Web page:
Don’t fail students by neglecting local expertise

Dr Peter Spence

Dr Peter Spence has worked in educational advancement for more than two decades, raising millions of pounds in the process for schools and universities. He founded Holistic Educational Marketing and Fundraising to help the state school sector benefit from the same process. Call 01904 215615 for more information.

Follow @holistic_emf

Website: www.holisticemf.co.uk Email This email address is being protected from spambots. You need JavaScript enabled to view it.
Image credit: Flickr // stevendepolo. Image credit: Flickr // stevendepolo.

The African proverb “It takes a village to raise a child” expresses the universal truth that the responsibility for child-rearing rests with the broader community and not just the parents. Yet within many schools, this adage is neglected. Parents are perceived as being prone to unhelpful interventions, previous generations of students are abandoned, and local businesses are ignored.

Parents want to give their child the best possible start in life, and at many Primary schools this affinity is cultivated. Yet in Secondary schools, where parents are often overlooked, parental support can make a huge difference. They can offer careers “Parental support can make a huge difference.”advice, give talks to clubs and societies, assist with work placements, and so on. And yet they are usually ignored. In fact, I collaborated with one school and spoke with a parent who had offered three times to speak about a career in law, but his offer was never taken up.

Graduates will overwhelmingly have positive memories of their former school (even Primary schools). As well as bringing the same set of skills as parents, your alumni can act as compelling role models for your current pupils. “She did it, so can I!” They have a natural fondness for their alma mater which can easily be nurtured.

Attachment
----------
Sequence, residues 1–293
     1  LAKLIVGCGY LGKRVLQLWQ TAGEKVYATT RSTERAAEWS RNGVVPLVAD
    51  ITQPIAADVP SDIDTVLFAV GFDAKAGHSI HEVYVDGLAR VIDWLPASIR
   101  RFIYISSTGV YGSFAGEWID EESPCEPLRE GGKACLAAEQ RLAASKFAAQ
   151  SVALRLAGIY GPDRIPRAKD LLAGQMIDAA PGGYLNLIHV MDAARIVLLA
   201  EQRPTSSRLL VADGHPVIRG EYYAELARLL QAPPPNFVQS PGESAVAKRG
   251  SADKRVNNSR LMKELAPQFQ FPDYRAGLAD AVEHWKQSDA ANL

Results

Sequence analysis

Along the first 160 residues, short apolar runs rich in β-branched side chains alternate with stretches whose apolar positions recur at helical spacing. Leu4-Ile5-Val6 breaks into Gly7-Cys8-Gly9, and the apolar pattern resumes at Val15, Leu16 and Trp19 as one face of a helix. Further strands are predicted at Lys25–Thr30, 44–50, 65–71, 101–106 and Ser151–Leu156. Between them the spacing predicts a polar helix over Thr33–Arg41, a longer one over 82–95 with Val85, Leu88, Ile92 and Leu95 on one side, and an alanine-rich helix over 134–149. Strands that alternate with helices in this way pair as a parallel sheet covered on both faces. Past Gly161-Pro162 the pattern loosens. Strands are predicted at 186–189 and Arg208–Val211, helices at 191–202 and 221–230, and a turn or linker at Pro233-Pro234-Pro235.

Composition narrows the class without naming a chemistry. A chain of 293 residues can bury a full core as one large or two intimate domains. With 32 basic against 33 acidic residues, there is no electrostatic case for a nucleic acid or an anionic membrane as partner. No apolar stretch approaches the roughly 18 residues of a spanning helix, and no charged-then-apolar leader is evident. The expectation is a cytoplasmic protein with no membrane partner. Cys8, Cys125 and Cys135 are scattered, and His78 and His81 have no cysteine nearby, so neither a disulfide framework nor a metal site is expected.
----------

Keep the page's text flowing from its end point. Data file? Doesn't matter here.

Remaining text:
Local and regional businesses value education highly, knowing that an educated workforce is essential for their success. They can offer career advice, work placements and many other staffing resources. Many headteachers do think about approaching local corporates, but make the mistake of assuming that they are the equivalent of Theresa May’s “money tree”. CEOs do not sit on a mountain of cash to give away.

If a village is to succeed in raising a child, the villagers must share a common vision and aspiration. So how can this apply to a school community?

If you are to succeed in bringing the power of your parents, your alumni and your local business leadership to help your school, you will “If you want the village’s support, you have to accept their feedback.”need to share your vision with them. Tell them what you would like to accomplish and encourage them to embrace your vision. Critically, take their suggestions on board. If you want the village to support you, you have to accept their views and feedback as well. Done properly, with an effective communications and social media strategy, a compelling aspiration for the future, and a shared determination to succeed, you will achieve far more than you could ever have imagined.

Not only will your school benefit hugely from a purposeful and engaged volunteer community; it is inevitable that members of this community will offer donations to help you to succeed. In fact, a growing volume of donations is a very accurate barometer of your engagement strategy’s success.

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